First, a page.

The move comes as Tesla’s stock price has fallen some 30 percent, to just under $660, over the past month. And it highlights Musk’s commitment to the Twitter deal, even as he continues to rail against the company. Shares of Twitter are up 10 percent on the news, but at $39, remain well below the $54.20 a share Musk has agreed, signaling that investors still aren’t certain of the deal.

Musk had already reduced his reliance on his Tesla shares. His initial plan was to put $33.5 billion up to buy Twitter, and finance the rest, $11 billion, with debt. Of the $33.5 billion in equity, $21 billion was directly from him,with $12.5 billion coming through a bank loan against his Tesla shares. He later brought in $7 billion from outside investors, cutting the loan to $6.25 billion. With this latest announcement, he is scrapping the loan entirely.

Still, the reason for the latest switch is not clear. It could be that borrowing against Tesla stock put the deal at risk, now that the carmaker’s share price has dropped. (Musk has already borrowed tens of billions against his shares.) Musk also says he is continuing to talk with Twitter shareholders, including the co-founder Jack Dorsey, about rolling over their stakes to help finance his deal.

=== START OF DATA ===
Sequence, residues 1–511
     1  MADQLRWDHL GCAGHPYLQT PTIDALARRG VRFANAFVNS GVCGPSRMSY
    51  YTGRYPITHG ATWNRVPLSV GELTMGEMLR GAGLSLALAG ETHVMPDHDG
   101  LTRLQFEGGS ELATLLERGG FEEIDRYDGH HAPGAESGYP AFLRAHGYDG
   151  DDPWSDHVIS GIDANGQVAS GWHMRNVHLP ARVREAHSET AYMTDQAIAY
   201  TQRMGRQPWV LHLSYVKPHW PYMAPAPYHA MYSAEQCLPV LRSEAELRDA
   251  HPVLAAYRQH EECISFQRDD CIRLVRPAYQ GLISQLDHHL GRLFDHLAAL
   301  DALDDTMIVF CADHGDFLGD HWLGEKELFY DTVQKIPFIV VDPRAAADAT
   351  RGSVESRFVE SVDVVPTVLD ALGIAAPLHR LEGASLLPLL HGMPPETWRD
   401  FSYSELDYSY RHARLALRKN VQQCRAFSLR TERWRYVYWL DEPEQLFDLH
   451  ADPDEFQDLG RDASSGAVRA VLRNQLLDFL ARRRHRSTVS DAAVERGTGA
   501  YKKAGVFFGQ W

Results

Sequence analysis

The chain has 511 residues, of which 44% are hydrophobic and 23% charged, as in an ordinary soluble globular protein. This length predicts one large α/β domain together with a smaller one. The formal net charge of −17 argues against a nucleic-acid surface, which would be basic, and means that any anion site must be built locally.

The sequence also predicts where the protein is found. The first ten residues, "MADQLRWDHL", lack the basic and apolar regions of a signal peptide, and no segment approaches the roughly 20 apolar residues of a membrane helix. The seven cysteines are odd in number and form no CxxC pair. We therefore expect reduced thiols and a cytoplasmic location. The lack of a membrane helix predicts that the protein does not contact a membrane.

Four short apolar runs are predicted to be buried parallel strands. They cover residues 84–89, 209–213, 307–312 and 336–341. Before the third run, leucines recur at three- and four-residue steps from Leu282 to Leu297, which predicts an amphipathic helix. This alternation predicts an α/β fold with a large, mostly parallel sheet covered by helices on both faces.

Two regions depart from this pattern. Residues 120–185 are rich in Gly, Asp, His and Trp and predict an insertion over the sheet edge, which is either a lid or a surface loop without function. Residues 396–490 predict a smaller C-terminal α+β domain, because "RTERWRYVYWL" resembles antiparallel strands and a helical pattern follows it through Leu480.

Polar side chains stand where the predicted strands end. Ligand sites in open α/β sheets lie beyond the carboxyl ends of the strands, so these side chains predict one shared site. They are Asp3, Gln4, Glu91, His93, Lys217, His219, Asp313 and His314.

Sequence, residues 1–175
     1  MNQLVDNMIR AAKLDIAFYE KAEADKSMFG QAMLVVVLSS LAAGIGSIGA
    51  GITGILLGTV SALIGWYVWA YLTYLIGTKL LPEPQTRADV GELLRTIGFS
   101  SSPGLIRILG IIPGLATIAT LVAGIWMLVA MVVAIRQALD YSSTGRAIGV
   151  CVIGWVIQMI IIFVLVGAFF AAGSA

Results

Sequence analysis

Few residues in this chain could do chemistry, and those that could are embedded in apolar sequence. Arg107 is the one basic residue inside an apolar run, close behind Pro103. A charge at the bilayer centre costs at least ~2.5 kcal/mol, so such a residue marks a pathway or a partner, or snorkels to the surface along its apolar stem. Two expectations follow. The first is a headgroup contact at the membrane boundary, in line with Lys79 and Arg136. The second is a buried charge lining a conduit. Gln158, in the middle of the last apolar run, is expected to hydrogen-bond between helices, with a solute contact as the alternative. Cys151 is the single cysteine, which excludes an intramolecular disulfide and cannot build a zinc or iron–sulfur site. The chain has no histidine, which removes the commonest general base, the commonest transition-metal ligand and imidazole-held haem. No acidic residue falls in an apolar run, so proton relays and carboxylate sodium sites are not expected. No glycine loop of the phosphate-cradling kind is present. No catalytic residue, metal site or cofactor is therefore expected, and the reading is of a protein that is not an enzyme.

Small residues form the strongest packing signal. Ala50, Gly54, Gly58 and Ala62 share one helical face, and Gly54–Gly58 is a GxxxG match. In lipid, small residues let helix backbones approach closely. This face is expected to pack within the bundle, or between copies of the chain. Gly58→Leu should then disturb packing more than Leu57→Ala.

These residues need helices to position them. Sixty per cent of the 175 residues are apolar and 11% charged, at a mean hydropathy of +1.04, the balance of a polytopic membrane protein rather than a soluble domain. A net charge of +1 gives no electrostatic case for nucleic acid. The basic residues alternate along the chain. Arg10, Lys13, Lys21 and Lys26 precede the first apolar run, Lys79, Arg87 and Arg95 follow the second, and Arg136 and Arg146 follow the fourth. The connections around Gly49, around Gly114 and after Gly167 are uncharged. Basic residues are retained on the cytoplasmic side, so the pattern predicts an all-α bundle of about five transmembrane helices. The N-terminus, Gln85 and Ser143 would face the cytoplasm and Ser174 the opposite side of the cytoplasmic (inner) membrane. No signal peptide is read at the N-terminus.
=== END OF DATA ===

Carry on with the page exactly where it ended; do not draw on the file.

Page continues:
None of this has stopped Musk from throwing jabs. He took aim at Twitter after the F.T.C. and Justice Department fined the company $150 million for doing less than it had promised to protect users’ data from marketers. “If Twitter was not truthful here, what else is not true?” Musk said. “This is very concerning news.”

The rise of E.S.G. investing, as well as mass shootings like the one that happened this week in Uvalde, Texas, put a spotlight on the role financial institutions play in propping up gun companies. Shares in Smith & Wesson, Sturm Ruger and Vista Outdoor, among other gun companies, rose yesterday, as is typical after mass shootings.

E.S.G., which stands for environmental, social and governance, has become an important force on Wall Street. Some call it “woke capitalism.” Nonetheless, many money managers still own gun stocks. BlackRock and Vanguard invest in gun stocks, for clients, mostly through funds that track the market or portions of it. Sellers of guns and ammunition, like Walmart, are even more common in broad-based mutual funds, index funds and pension funds.

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